Should You Offer Your E-Zine Subscribers a “No-Advertising” Edition?

On more than one occasion, one of my readers has suggested to me that I publish two versions of my e-newsletter. The first would be the regular edition I offer now – a monthly online newsletter with pure content, supplemented by twice-weekly e-mails mixing content and product offers. The second would be an “advertising-free” edition. You’d get the monthly content e-newsletter, but none of the e-mail marketing messages between monthly issues.

Well, I’m never going to offer an option to get the e-zine only – advertising-free and without the supplemental e-mail marketing messages. And if you’re an Internet marketer, neither should you.

Why not?

Think of it this way …

As an online information marketer – a “micro publisher” – you spend time and energy creating your content. Your time, ideas, and information are valuable to others. Or at least they should be. If your content isn’t valuable, why would you bother creating it … and why would your subscribers read it?

As with everyone else who works for a living, you – a content creator – need to earn money by charging for what you produce. Electricians get paid to splice wires together. Plumbers bill you for fixing leaky pipes. Why does the world seem to think content creators and owners of intellectual property should give away their creations for free?

As for me, I charge for my e-zine. Not money, mind you. But I do charge a fee. And the “fee” I charge is that the subscribers agree to receive my e-mails. All my e-mails.

Usually, there are two e-mails a week – one sales message and one content message. But even the sales messages offer ideas, solutions, and resources that I believe my readers will benefit from.

No one is forced to buy the information products I am recommending. You can go years without spending a dime with me, and still get my e-zine at no cost.

No one is forced to open or read my e-mails. If you are a subscriber to my e-zine, you can simply delete any or all of them.

No one is forced to receive my e-mails. I am not abusing anyone by sending them against their will.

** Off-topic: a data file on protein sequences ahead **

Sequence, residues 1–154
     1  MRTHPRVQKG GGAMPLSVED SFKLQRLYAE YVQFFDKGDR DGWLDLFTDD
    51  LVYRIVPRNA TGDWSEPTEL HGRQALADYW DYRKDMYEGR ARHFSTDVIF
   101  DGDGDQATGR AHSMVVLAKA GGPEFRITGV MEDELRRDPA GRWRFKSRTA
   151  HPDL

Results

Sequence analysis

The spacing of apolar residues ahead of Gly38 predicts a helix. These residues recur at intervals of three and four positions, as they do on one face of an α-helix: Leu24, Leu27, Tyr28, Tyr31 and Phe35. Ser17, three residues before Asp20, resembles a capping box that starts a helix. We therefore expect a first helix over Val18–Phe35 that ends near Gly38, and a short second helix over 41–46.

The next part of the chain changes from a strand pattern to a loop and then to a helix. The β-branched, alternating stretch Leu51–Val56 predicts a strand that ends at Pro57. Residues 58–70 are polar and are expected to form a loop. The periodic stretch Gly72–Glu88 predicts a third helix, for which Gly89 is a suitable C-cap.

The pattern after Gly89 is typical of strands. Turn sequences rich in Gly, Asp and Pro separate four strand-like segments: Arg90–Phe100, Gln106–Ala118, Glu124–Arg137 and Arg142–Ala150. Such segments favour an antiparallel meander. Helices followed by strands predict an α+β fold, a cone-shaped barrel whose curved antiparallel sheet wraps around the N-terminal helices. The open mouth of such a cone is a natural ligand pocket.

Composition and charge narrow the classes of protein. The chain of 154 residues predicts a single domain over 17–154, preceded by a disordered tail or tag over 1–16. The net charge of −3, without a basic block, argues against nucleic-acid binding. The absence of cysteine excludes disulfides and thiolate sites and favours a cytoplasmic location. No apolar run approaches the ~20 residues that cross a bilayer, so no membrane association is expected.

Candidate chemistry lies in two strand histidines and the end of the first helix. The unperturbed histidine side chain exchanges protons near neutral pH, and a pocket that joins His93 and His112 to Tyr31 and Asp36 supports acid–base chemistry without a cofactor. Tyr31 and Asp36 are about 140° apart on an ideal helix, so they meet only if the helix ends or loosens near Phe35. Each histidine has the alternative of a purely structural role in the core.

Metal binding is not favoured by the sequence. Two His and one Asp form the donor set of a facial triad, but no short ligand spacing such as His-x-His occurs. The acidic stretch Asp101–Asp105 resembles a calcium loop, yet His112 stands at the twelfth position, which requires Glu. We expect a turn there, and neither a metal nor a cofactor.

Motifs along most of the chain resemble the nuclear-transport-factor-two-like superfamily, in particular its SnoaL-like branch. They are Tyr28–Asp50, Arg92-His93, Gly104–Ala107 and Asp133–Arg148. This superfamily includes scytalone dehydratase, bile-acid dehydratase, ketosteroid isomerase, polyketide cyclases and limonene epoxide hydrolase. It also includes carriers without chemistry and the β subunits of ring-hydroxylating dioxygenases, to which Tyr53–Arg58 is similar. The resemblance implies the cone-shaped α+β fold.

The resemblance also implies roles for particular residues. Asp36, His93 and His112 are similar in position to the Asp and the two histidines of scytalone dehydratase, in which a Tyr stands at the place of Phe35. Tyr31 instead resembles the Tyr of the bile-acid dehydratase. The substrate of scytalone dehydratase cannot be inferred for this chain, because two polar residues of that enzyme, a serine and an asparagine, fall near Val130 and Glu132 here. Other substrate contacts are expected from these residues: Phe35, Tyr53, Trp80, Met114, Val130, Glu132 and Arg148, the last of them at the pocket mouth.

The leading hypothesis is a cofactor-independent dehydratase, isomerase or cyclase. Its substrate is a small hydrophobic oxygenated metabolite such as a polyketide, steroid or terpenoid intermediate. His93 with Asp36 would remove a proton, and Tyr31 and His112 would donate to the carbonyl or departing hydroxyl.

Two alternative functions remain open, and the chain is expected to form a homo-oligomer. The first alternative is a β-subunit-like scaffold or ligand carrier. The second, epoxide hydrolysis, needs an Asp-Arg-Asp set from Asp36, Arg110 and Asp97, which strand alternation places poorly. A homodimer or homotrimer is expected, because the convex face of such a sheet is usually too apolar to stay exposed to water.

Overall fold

The right to send my subscribers e-mail marketing messages is simply the price I charge for my publication.

If you wish to stop paying that subscription fee, you can unsubscribe with a single mouse click in about three seconds. No need to make a phone call or waste a stamp on a letter.

When you unsubscribe, you will no longer receive my e-mails. But you won’t get my free e-zine, either. You take all or none. That’s the deal. Non-negotiable.

I recently signed up for the e-list of an entertainer I like. After I got three e-mails the first day, I decided his arrangement was not for me, and I opted out with a single click. But I did not send him an e-mail with obscenities in it. I did not petition him to put me on a special e-list … or change his publishing model. I simply unsubscribed.

Amazingly, online subscribers argue with us Internet marketers about this issue from time to time – something they rarely do with traditional publishers. After all, if you called Newsweek and told them, “Send me the magazine, but take out the ads first,” what do you think they would do?

Yes, I could offer an “advertising-free” edition of my e-newsletter, but what would be the point? Or, as we copywriters say, “What’s in it for me?”

It’s true that, as an Internet marketer, you can send too many e-mails … or have a disproportionately high ratio of sales to content. But your subscribers will tell you what they consider to be too much or just right.

How do you know when you are sending too many e-mail marketing messages to your e-list? Just pay attention to the opt-out rate – the percentage of subscribers who opt out after you distribute an e-mail message to them.

Each time you distribute your e-newsletter or an e-mail message to your subscriber list, a few will opt out. That’s okay. But if too many are unsubscribing per e-mail – say, more than two out of every 1,000 subscribers on the list – you may be selling to your list too much, too hard, and too often.

Solution: Cut back on frequency … make the content more educational, less hard-sell … add more content and do less selling … until the opt-out rate drops to about 0.2 percent or less.

[Ed. Note: Now’s your chance to pick the brain of copywriting master and experienced info-marketer Bob Bly in person. Bob is coming out of his self-imposed speaking retirement to present at ETR’s 2008 Info-Marketing Bootcamp. He – along with 11 other business-building and marketing experts – will reveal a proven technique that can help you make at least $100,000 in 2009.

For expert insights into the world of direct marketing, be sure to sign up for Bob’s free monthly newsletter, The Direct Response Letter. Do so today and get over $100 in free bonuses.]

Bob Bly

Bob Bly is an independent copywriter and consultant specializing in business-to-business and direct marketing. He has been hired as a consultant by such companies as Sony, Chemical Bank, J. Walter Thompson, Westinghouse, and Prentice-Hall. Bob is also the author of more than 50 books including The Complete Idiot’s Guide to Direct Marketing (Alpha Books), Targeted Public Relations, Selling Your Services, How to Promote Your Own Business, and Keeping Clients Satisfied. A phenomenal public speaker, Bob will share with you how easy it is to start your own business. Whether you’re ready to quit your job or are just looking to make a little money on the side, you’ll want to hear Bob’s advice.